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Applied Bionics and Biomechanics
Volume 11, Issue 3, Pages 135-147

3D Crack Behavior in the Orthopedic Cement Mantle of a Total Hip Replacement

Abderahmen Sahli,1 Smail Benbarek,1 Steven Wayne,2 Bel-Abbes Bachir Bouiadjra,1 and Boualem Serier1

1Mechanics and Physics of Materials Laboratory, University of Sidi Bel Abbes, Cité Ben M'hidi, Sidi Bel Abbes, Algeria
2University of Memphis, TN, USA

Copyright © 2014 Hindawi Publishing Corporation. This is an open access article distributed under the Creative Commons Attribution License, which permits unrestricted use, distribution, and reproduction in any medium, provided the original work is properly cited.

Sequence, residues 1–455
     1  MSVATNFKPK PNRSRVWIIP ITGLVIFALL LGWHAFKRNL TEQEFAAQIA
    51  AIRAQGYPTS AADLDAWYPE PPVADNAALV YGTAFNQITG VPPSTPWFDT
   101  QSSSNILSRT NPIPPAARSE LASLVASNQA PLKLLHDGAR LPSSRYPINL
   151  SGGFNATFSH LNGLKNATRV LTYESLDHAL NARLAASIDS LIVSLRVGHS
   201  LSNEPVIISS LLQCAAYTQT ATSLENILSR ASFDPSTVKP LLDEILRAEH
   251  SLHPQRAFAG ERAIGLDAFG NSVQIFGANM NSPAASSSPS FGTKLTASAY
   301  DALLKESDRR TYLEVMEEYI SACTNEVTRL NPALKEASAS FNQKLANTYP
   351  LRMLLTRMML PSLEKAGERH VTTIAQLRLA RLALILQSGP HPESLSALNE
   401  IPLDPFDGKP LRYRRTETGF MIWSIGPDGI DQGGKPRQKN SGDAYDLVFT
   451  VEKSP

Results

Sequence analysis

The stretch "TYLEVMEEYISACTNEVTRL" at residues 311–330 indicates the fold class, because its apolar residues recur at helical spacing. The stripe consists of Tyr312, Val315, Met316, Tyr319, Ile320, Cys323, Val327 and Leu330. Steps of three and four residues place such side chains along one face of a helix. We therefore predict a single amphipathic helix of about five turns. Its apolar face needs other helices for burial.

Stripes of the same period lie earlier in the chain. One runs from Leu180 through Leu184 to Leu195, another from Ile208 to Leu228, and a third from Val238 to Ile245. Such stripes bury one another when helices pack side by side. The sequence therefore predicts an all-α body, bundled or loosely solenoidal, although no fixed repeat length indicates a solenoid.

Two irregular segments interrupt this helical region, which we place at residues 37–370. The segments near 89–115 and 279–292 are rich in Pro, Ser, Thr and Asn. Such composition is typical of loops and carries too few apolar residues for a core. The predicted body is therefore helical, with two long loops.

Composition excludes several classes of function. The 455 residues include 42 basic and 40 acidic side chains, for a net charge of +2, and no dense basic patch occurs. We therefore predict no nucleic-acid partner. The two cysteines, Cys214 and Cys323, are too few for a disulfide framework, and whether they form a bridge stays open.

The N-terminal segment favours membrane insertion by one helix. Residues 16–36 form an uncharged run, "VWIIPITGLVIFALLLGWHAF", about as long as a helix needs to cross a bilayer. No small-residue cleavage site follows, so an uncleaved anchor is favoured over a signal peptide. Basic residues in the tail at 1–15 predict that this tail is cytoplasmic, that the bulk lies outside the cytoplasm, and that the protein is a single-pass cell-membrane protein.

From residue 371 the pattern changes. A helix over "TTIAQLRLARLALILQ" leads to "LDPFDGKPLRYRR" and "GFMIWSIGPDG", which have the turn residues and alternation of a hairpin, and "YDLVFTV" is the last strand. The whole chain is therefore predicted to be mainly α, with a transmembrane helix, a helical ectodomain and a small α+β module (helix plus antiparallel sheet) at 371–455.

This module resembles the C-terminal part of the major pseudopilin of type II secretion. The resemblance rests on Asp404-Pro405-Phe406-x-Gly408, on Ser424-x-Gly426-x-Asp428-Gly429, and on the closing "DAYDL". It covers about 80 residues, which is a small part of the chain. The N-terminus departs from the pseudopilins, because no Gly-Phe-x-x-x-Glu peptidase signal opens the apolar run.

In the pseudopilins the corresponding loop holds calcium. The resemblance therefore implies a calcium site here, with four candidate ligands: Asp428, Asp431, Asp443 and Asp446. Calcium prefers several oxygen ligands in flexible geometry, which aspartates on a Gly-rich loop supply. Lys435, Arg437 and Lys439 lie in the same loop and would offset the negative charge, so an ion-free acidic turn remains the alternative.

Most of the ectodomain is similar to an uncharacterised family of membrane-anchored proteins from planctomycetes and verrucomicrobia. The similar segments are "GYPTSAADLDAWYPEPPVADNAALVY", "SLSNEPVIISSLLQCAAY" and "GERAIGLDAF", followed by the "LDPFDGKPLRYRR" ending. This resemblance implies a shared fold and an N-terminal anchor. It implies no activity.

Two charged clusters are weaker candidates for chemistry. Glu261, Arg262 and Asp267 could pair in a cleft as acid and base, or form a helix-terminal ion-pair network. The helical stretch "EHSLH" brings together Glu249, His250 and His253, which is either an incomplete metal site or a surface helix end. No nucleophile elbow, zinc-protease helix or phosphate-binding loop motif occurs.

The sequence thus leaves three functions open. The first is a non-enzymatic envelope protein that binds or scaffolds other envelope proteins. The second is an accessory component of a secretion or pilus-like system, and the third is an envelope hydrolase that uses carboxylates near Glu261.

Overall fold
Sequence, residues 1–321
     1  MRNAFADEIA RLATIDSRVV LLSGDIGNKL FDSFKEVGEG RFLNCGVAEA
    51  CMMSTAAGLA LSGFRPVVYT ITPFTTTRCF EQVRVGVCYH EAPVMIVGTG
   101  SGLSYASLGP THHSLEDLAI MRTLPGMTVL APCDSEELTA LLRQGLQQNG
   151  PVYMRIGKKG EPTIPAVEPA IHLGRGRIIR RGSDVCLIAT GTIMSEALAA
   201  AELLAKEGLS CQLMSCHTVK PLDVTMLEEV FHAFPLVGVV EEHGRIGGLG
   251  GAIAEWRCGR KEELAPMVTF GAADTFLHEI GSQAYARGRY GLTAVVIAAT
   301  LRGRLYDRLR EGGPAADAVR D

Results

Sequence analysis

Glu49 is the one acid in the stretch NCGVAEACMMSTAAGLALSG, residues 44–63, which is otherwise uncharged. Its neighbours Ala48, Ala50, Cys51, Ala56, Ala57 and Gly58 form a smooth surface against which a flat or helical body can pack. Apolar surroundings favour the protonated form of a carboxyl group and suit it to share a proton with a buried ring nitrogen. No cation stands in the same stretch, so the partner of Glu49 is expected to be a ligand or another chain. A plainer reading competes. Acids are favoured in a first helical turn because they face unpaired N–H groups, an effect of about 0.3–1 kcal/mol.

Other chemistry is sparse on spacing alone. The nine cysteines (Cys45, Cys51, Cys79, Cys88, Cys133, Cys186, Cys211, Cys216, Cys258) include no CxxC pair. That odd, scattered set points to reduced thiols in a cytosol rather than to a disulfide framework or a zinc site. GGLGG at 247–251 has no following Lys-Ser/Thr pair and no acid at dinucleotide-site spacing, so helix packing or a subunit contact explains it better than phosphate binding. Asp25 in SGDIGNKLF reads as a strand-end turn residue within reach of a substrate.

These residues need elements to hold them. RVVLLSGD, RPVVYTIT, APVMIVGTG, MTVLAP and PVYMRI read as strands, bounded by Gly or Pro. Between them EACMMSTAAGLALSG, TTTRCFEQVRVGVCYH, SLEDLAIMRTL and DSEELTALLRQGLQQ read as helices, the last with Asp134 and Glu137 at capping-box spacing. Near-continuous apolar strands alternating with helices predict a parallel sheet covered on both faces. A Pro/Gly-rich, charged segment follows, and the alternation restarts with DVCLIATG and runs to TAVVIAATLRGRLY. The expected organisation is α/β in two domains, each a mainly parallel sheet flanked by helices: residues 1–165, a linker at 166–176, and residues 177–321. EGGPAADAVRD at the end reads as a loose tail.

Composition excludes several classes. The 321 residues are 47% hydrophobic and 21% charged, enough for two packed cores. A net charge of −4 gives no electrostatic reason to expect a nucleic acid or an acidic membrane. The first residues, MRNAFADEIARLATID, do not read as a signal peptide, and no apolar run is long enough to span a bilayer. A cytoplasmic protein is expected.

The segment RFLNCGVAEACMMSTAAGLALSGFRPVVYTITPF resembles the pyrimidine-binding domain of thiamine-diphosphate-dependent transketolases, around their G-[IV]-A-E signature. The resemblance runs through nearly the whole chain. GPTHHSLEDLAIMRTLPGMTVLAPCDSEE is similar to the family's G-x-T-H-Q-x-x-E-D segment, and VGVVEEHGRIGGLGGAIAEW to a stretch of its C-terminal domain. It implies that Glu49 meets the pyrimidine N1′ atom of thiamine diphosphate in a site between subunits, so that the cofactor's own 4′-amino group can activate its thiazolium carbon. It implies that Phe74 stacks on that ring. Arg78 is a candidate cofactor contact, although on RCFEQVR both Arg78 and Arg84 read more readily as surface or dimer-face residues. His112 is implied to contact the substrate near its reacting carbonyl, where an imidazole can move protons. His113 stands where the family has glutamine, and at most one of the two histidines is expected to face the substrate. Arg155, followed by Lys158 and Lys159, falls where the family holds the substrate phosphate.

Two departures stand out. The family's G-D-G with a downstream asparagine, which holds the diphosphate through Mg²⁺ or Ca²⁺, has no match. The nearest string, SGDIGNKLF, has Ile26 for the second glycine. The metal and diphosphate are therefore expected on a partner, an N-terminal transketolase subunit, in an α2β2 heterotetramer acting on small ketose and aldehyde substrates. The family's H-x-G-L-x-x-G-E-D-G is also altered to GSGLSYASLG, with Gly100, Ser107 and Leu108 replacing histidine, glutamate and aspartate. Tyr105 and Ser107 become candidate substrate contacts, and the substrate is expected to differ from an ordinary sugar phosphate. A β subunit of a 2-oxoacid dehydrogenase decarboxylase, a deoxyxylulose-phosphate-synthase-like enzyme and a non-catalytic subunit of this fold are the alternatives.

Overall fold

The total hip replacement is an operation that replaces a diseased hip with a mechanical articulation. Both components of the mechanical articulation (stem and the cup) are bonded to bone using orthopedic cement, whose reliability determines the longevity of the implant. The cement around the metallic stem forms a mantle whose strength and toughness determine its resistance to fatigue and failure by fracture. Typical cements are acrylic polymers that often suffer from internal cracks and other defects created during polymerization. This study is a systematic analysis of preexisting 3D crack behavior in the orthopedic cement mantle when subjected to external body forces. Different crack orientations and angular positions around the mantle are studied to identify which locations will propagate the crack. This is accomplished by a global stress analysis of the mantle followed by a failure analysis. Amongst others, the existence of a crack in the proximal region of the orthopedic cement is identified as a critical area, especially in the lateral sides of the stem in the radial direction.